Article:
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Stories and features about North Carolina candidates, voters, and the politics of the 2014 mid-term elections. Polls are open across N.C. until 7:30 p.m. on election day, November 4.

NC House Members May Consider Lowering Local Business Tax, Classifying E-Cigs As Non Tobacco

A Carlie C's grocery store parking lot
Charlie C's
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Some North Carolina lawmakers want to limit a tax cities can charge local businesses.

State lawmakers have been trying to resolve this for more than 10 years: A tax that businesses have to pay cities to set up shop there.

On Thursday, a committee sent a bill to the House of Representatives limiting the tax to $100.

But some cities say that cuts an important source of revenue. Charlotte, for instance, would lose more than $8 million.

On the other hand, businesses such as grocery stores say the tax targets them unfairly and is unpredictable from one city to the next.

As the Associated Press explains it:

Lawmakers have studied for years the jumble of local taxes, which hurts economic development within some cities, said Rep. Julia Howard, R-Davie, the finance committee's senior chairwoman. It's time to fix the problem, she said. "If you just want to keep kicking the can on down the road, we can do that — that's the easiest thing to do," Howard said.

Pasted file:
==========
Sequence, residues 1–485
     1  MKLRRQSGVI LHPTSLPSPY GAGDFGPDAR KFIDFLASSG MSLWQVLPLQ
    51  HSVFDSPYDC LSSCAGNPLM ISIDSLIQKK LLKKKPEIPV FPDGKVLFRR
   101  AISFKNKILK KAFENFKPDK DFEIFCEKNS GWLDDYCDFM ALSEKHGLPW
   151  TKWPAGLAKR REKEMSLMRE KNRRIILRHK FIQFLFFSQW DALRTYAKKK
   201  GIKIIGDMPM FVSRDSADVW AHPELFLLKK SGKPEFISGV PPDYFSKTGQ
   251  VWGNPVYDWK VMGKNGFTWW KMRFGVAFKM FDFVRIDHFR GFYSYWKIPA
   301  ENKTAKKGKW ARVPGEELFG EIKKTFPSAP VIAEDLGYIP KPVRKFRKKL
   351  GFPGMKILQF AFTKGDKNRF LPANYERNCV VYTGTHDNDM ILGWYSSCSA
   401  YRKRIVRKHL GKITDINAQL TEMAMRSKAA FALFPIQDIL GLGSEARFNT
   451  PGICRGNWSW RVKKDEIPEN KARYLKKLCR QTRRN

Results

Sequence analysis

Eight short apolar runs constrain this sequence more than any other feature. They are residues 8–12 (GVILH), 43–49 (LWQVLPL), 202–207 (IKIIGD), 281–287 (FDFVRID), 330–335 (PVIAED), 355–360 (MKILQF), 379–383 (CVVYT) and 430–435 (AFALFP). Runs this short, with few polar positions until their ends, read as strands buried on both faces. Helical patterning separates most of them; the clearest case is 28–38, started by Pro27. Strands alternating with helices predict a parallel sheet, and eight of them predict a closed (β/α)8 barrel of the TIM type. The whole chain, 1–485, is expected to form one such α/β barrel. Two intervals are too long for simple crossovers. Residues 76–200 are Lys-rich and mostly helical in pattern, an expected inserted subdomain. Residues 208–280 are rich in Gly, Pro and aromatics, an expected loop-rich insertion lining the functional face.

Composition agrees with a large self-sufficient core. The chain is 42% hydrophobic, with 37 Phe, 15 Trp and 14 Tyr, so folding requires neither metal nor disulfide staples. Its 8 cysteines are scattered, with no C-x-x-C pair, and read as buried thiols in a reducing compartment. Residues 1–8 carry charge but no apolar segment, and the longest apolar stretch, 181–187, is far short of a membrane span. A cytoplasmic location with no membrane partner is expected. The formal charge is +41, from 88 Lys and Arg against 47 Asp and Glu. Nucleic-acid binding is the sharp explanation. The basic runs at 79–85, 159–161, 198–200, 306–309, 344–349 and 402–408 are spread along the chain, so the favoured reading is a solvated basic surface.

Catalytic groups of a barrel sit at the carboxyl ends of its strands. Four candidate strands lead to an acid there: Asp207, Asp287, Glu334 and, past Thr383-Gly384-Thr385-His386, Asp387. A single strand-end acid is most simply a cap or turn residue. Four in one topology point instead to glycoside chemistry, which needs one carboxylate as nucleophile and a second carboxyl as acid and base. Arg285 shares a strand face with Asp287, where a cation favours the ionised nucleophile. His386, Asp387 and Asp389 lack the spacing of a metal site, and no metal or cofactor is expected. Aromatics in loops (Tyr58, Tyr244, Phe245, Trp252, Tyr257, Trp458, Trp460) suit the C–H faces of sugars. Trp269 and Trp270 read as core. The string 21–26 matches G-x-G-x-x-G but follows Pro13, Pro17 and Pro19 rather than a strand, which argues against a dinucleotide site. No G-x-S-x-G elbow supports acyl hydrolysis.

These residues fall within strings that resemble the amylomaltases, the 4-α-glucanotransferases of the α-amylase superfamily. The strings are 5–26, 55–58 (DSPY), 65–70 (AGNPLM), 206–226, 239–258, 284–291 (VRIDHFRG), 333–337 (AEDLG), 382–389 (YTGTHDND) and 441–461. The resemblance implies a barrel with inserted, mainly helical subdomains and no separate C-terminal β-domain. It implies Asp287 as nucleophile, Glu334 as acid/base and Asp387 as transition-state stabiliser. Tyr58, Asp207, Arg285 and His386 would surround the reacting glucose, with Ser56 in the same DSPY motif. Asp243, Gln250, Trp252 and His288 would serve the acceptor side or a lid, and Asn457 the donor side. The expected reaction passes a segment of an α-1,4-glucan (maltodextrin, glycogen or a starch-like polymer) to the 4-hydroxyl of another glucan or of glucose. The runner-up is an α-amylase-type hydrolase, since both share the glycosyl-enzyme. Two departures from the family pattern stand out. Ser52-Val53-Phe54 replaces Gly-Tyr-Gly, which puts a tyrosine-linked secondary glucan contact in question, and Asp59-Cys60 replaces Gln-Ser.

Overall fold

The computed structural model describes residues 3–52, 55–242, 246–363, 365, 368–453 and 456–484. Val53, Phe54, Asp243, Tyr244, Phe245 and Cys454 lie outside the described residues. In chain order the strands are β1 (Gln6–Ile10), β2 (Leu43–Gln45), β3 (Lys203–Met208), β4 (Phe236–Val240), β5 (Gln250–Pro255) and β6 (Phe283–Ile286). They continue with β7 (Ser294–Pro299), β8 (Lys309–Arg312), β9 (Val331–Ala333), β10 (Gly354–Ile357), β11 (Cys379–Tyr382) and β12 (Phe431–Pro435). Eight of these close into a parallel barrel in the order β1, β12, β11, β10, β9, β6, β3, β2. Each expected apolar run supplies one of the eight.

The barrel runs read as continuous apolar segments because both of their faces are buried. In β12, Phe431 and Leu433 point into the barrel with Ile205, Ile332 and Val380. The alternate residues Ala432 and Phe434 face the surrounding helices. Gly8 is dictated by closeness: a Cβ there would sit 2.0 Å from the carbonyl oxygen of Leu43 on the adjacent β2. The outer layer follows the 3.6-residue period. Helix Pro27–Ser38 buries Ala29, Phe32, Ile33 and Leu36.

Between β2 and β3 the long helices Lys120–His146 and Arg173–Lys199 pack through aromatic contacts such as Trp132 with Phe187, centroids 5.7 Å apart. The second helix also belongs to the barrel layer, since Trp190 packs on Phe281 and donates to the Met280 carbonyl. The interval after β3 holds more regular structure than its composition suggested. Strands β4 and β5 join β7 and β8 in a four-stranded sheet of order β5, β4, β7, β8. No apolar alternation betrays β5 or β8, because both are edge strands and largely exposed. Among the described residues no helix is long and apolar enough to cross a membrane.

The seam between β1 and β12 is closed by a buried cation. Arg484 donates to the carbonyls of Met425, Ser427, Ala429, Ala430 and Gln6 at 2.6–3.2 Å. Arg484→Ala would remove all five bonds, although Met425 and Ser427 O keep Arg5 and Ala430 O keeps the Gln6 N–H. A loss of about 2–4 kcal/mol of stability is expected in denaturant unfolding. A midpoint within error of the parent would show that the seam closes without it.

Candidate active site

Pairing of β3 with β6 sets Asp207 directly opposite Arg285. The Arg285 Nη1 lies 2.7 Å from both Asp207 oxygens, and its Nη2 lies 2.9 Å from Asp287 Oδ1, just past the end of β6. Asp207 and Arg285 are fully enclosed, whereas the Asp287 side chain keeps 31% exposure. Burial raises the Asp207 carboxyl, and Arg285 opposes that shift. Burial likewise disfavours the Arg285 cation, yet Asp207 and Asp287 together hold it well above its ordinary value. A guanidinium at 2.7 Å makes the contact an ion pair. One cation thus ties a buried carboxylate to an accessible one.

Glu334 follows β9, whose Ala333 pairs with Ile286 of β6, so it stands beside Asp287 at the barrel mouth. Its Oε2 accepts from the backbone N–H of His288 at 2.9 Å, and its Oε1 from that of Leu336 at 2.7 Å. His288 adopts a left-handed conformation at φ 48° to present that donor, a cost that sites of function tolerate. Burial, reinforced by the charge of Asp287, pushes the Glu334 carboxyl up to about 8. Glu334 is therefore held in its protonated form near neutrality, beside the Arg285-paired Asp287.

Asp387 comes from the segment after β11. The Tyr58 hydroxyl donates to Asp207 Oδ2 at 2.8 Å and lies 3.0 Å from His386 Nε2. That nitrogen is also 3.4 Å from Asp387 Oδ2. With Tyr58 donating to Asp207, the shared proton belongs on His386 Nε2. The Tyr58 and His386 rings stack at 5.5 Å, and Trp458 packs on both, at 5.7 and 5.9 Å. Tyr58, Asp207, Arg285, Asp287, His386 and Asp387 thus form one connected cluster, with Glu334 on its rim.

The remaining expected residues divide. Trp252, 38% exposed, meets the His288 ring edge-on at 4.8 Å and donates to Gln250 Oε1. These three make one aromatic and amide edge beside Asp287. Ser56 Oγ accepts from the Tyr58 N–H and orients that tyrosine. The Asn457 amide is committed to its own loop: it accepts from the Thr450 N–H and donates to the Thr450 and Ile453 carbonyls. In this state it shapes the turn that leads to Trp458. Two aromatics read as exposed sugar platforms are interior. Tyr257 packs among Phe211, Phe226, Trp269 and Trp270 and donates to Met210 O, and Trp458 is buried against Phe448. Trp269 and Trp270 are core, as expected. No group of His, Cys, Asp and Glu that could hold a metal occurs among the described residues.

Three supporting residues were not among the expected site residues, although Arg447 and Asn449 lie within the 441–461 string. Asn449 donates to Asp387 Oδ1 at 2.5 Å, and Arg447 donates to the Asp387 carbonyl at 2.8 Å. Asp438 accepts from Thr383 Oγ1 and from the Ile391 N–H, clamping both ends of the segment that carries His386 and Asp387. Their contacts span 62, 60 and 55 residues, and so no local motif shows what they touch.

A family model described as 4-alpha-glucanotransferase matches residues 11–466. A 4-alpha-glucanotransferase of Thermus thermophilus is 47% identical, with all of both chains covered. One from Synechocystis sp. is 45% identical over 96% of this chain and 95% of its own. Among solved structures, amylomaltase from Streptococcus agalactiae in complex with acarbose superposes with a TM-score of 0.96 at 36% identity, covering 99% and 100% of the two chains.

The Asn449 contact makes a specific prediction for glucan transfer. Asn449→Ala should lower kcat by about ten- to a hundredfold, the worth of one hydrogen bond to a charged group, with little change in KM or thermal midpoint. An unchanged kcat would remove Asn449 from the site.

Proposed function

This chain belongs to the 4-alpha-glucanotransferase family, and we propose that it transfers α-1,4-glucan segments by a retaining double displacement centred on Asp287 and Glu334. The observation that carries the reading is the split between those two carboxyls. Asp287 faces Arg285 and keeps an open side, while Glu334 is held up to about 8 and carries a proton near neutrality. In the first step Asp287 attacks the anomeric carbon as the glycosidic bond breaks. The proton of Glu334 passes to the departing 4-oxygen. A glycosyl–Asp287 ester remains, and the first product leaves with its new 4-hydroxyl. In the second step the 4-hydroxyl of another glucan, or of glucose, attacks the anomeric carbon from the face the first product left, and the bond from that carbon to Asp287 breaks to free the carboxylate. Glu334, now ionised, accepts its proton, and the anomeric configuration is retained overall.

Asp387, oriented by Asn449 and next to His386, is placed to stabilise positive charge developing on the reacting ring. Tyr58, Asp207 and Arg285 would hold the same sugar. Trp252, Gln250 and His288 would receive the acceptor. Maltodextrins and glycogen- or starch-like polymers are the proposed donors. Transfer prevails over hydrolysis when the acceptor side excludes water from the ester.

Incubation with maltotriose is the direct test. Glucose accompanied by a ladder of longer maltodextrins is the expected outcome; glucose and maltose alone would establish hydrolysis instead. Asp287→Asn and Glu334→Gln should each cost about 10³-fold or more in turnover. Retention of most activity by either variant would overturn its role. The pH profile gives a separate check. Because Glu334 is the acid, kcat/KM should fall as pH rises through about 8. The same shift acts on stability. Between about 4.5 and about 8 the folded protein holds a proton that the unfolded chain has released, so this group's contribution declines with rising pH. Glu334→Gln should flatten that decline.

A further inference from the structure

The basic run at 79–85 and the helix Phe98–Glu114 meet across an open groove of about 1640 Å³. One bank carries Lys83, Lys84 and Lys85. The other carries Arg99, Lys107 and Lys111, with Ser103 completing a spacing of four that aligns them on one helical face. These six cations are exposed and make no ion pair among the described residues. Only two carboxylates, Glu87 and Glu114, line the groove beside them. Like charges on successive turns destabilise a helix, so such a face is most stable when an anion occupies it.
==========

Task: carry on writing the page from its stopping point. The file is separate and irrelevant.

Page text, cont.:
This bill examines at least 10 more taxes. It classifies e-cigarettes as non-tobacco products and taxes them at five cents per milliliter, as opposed to 45-cents per pack of regular cigarettes.

Manufacturers say e-cigarettes are a tobacco derivative, but not tobacco. The Food and Drug Administration has not classified this new industry.

"My concern is, is this a move from the industry to get in before they’re regulated and get in at 5 cents? And also, having this particular product, is it a derivative of tobacco?" asked Rep. Becky Carney, D-Mecklenberg County, after the bill was approved. "We need to have that information provided for us."

The bill may be up for vote on Tuesday.

Jorge Valencia has been with North Carolina Public Radio since 2012. A native of Bogotá, Colombia, Jorge studied journalism at the University of Maryland and reported for four years for the Roanoke Times in Virginia before joining the station. His reporting has also been published in the Wall Street Journal, the Miami Herald, and the Baltimore Sun.
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